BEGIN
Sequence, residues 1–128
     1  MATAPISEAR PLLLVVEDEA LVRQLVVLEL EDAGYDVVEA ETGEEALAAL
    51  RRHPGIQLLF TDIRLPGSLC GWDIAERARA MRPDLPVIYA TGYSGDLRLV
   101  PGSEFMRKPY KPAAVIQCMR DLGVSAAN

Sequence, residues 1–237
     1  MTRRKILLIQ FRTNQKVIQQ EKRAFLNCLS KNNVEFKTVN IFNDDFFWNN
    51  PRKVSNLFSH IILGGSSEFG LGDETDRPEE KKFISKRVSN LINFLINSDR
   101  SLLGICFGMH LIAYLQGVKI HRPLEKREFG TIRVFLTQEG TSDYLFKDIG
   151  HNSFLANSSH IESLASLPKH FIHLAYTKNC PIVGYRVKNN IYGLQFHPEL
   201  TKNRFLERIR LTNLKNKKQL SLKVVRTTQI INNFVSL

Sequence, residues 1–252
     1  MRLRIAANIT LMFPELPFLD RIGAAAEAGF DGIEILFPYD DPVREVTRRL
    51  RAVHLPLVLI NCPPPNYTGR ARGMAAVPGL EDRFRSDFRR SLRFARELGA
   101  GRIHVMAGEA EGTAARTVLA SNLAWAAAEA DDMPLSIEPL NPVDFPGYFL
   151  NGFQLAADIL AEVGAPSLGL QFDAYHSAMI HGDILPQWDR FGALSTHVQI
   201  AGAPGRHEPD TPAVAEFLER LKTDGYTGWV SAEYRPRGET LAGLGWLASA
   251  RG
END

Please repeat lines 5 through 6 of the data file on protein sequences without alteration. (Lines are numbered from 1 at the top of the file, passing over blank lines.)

Sequence, residues 1–237
     1  MTRRKILLIQ FRTNQKVIQQ EKRAFLNCLS KNNVEFKTVN IFNDDFFWNN